Because life isn’t a great big test, and we are not going to receive a report card at the end of our life and get a 4.0 GPA in Motherhood, Home Keeping, Wifehood, Remodeling, Healthy Meals, Church Participation, and Emotion Control.

Is it possible that it’s good to be broken sometimes?

To toss something that we thought was so valuable but really wasn’t that big of a deal?

To reevaluate some of our expectations of ourselves and others?

To reprioritize?

To remember: it’s only a dish?

. . .

By the way, Andy finally tossed the broken plate in the trashcan, and I didn’t take it back out. I thought about it, you know, in case my pictures didn’t look good enough and I needed to take more, but instead I just

chose

to

let

it

go

And I haven’t thought about it once since.

Not at all.

Not even one time about how I didn’t even try to glue it … and it might have worked.

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Let me know you were here! Give some love and leave a reply.

xo,

Chelsea

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Thoughts on New Life

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Have you ever felt like a part of your life was done for?

a relationship with someone you love

a job or career

the chance at true love

the willingness to go on

a friendship

your marriage

a second chance

your faith in God

your heart?

 . . .

N E W  L I F E

This plant lay dormant since 2010, meaning the flowers fell off and all it had was leaves for 5 years.

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I kept it around because I have a hard time throwing things away. Also, my sister has always gotten her orchids to bloom again, so I knew it was possible.

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The leaves looked pretty.

Would it ever bloom again?

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Then, as time went on, the leaves didn’t even look pretty. They turned yellow and fell off.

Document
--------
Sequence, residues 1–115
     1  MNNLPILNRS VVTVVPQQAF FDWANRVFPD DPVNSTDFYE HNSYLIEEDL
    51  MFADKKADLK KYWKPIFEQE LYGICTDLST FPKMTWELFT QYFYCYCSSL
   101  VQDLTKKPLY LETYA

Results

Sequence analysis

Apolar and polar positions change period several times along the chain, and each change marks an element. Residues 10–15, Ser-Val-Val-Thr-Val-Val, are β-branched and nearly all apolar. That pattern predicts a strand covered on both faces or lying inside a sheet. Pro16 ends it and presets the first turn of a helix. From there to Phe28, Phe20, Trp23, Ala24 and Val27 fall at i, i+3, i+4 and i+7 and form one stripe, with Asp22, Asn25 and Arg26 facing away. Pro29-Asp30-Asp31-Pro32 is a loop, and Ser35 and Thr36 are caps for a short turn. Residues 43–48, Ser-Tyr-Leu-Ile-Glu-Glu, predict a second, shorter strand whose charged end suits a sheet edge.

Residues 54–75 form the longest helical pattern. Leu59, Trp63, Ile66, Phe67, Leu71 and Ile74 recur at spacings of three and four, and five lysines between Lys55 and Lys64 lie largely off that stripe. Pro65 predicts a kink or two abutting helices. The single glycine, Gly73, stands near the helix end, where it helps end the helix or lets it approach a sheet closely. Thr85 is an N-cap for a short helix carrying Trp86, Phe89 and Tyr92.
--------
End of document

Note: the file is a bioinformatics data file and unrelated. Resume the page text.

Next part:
But more leaves grew.

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One day my daughter peeled each of the new leaves in half down the middle. You can still see one of them is peeled in half (on the bottom right). I was so mad.

Still, the plant sat on our mantle or on the computer desk. I didn’t even water it. I was waiting for it to die so I could throw it away.

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The woman who cleans my house watered it once a month.

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The leaves reached desperately toward the sunlight, eager to live.

One by one the broken, peeled leaves fell off and more new leaves grew.

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This year I made one change. I placed it in a new window, in a different room. The kitchen, as it turned out, was better for this orchid.

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And a new stem sprouted after 5 years.

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And within a month … here it is.

Just as it was made to be. Just gorgeous. This plant brings me so much joy.

More so because I thought it was done. I thought it was fruitless. But it was alive.

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I’m so glad I was wrong. I’m so glad I didn’t throw it away. Because this year this orchid proved to me the message of new life: new chances, new beginnings, hope, and beauty.

The very thing I thought was dead brought me so much joy.

Because I held on. I don’t always hold on. But this time I did.

. . .

“Lord,” Martha said to Jesus, “if you had been here, my brother would not have died. But I know that even now God will give you whatever you ask.”

Jesus said to her, “Your brother will rise again.”

Martha answered, “I know he will rise again in the resurrection at the last day.”

Jesus said to her,

I am the resurrection and the life. The one who believes in me will live, even though they die; and whoever lives by believing in me will never die. Do you believe this?

–John 11:21-26

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Rotunno Mini Update — March



1-title-miniupdate-orchids-3M A R C H  2 0 1 5

Everyone asks, “How is it going with 5 kids?” Our 5th baby was born in December, and she is now almost 4 months old. We just celebrated our oldest child’s 10th birthday. Wow! A decade of raising kids.

Mostly, our answer is: Life keeps going. Life is not much different, besides that we are generally tired all the time, and we have a new little person to make us smile and laugh all the time. So things are good!

Here are a few quick updates; what I like to call a …

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O R C H I D